From plundering to prosperity


Our leaders need a mindset change to steward our economy better so that South Africa can move from a state of plunder to a state of prosperity. According to MP Steve Swart from the African Christian Democratic Party, there are plenty of signs of hope in the corridors of Parliament. He spoke at Rhodes University on Sunday 1 October as part of a tour promoting Thabo Mahlobo’s new book The New Economy: Ancient Hope for Modern Economies.

Swart began his talk with a testimony of how God had stirred his heart and brought him to repent of the 1913 Native Land Act, which has contributed to the significant inequalities that we face in our nation today. Throughout his talk he was adamant about the need for all of us to reflect on how we live our lives. Despite this, he enthusiastically shared opportunities in which he has tried to exercise ethical leadership through his involvement in Parliamentary committees holding state-owned enterprises like Eskom and the SABC accountable for their corporate governance.

Poignantly, Swart reflected on the passing of Timothy Khoza, an influential ANC MP who died in a bus accident in the Western Cape during a parliamentary oversight visit. Swart testified of how Khoza had challenged the ANC caucus to look to the nature and source of love. The circumstances that led to his death were a testimony to his kindness across partisan divides: he had swopped seats with a DA MP before the fatal crash. It is this kind of leadership that he says should undergird what it means to be a public official, a servant unto God.

Swart mentioned how the love he received from his ANC colleagues is a factor that has encouraged him to stay committed to his calling, which has seen him become the longest-serving member of the Portfolio Committee on Justice and Constitutional Development.

According to Swart, South Africa finds itself in a dire situation where our problem is not a lack of capital, but a lack of confidence in our economy due to the excessive levels of plundering that are happening in our nation. This plundering, he says, is present at all levels, from homes and schools to public institutions and government. In a speech in Parliament, he publicly challenged President Zuma to act against the plundering.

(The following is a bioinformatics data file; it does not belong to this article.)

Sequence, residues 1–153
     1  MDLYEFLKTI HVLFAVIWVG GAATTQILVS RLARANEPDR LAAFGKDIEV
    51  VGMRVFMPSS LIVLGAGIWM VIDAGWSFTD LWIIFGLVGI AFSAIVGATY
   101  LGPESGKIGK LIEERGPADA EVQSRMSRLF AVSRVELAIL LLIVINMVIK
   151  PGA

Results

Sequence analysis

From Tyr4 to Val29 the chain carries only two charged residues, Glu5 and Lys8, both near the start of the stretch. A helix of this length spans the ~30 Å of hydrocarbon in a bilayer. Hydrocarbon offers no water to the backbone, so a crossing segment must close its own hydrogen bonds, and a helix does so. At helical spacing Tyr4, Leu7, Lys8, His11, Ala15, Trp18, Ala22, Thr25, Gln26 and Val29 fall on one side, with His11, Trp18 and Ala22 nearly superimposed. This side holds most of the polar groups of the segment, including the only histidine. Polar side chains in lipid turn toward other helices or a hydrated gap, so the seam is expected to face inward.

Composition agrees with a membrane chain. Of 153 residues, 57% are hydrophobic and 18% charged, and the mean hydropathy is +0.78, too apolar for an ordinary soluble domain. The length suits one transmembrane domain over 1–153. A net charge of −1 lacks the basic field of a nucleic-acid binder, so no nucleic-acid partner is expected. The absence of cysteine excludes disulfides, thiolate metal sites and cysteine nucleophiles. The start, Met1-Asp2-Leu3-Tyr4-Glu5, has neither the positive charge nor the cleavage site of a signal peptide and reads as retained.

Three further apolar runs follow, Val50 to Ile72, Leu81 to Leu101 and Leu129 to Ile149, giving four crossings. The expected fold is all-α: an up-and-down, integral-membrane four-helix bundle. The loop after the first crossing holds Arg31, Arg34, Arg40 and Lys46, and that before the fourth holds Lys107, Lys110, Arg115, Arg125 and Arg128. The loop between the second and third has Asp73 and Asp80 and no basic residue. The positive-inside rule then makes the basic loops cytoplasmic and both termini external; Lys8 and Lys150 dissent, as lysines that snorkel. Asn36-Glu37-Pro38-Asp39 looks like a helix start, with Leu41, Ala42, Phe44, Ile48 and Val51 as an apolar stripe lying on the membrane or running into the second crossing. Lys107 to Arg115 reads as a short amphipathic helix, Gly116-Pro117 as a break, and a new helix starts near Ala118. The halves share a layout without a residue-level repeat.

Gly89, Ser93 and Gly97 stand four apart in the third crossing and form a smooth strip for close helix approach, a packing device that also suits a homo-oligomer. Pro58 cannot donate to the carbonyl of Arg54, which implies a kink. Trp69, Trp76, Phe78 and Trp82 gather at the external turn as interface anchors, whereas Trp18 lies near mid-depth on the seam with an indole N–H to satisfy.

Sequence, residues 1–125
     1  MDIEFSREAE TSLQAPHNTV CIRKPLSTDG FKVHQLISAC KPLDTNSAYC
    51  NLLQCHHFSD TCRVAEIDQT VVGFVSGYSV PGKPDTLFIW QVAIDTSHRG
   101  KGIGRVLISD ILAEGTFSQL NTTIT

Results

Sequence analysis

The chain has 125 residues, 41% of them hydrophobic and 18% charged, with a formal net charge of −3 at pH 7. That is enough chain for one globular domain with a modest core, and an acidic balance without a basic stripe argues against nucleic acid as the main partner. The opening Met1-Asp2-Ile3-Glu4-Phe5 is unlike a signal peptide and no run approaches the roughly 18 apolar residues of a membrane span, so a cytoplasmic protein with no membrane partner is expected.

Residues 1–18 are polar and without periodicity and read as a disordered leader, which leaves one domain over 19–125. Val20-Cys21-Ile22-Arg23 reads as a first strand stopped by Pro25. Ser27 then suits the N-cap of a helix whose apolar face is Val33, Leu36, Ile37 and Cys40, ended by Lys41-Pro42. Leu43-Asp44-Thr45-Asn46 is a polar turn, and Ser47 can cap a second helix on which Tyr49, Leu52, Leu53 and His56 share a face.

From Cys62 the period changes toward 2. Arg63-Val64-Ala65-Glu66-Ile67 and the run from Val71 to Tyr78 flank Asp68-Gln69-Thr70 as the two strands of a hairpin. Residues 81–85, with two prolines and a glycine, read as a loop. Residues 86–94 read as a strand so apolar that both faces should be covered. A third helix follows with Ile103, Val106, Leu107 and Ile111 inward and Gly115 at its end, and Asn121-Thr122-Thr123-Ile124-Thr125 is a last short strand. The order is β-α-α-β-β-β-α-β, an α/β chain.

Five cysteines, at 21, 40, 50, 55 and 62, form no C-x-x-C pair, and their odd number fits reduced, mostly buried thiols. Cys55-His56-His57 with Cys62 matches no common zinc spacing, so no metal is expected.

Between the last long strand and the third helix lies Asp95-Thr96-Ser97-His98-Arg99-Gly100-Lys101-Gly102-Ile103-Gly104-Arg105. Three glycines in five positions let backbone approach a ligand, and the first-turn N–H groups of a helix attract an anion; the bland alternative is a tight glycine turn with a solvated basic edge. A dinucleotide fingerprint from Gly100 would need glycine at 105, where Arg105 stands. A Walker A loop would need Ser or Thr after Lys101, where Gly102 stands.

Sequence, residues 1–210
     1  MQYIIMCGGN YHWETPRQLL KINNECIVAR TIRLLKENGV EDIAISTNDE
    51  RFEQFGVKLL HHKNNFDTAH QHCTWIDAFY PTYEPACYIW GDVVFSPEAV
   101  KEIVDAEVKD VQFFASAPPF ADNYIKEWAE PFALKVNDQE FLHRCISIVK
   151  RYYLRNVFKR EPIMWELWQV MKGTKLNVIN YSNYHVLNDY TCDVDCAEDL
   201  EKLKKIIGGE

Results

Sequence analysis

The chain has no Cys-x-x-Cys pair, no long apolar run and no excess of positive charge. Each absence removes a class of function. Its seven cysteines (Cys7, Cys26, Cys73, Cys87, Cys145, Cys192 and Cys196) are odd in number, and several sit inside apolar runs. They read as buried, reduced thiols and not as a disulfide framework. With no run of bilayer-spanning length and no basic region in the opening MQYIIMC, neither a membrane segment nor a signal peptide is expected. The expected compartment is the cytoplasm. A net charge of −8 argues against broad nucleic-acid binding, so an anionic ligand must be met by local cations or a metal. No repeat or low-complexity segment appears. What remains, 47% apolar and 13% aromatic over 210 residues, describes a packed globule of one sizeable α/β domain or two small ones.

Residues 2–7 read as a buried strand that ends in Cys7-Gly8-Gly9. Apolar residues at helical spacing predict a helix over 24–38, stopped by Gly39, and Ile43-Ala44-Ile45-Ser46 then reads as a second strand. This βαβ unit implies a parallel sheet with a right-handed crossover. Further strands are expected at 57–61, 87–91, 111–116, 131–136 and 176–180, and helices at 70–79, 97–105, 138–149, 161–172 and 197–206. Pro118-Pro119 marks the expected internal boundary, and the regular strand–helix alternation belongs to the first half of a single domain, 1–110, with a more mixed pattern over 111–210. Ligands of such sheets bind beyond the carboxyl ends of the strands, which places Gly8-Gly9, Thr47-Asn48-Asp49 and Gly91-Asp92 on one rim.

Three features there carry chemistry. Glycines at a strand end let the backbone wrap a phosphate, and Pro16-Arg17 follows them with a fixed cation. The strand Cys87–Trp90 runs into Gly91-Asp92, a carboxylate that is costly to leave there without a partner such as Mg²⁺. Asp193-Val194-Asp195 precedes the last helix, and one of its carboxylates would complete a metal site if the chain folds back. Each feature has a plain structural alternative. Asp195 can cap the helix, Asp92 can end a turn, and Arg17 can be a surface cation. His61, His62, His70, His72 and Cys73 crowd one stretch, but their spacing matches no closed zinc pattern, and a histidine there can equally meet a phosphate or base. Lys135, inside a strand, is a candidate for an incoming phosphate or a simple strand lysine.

He agreed with his friend Thabo Mahlobo, who writes in The New Economy that an understanding of economics that is based on scarcity does not equip leaders to steward the abundance of resources that they already have access to. He said that leaders need to recognise their need to serve, rather than hoard resources for themselves.

Swart was adamant that God is bringing godliness and justice in government. However, we should not be complacent as citizens but should pray for the protection of leaders. Swart highlighted the risks that some people are under as they stand up for what is right. He mentioned specifically the SABC 8, one of whom, Suna Venter, lost her life while resisting corruption at the broadcaster.

The talk was followed by a panel discussion, with Nhlakanipho Mahlangu (RU SRC President), Darryn Holm (DA Ward 14 Councillor), Ian Siebörger (an RU linguist researching political discourse), Thabo Mahlobo and Steve Swart discussing questions from the audience. Discussion centred on the role of Christians in economic development and governance, and whether the measures in place to keep state-owned enterprises accountable are sustainable or whether privatisation is a better option. Other topics of discussion included land redistribution and whether giving monetary compensation to land claimants in lieu of land is a viable option.

In his closing remarks, Swart challenged us to consider in what ways we are infiltrating and influencing culture with justice and righteousness. We were encouraged to be bold and daring but also humble and diligent in order to seek out opportunities to be a light in the darkness.

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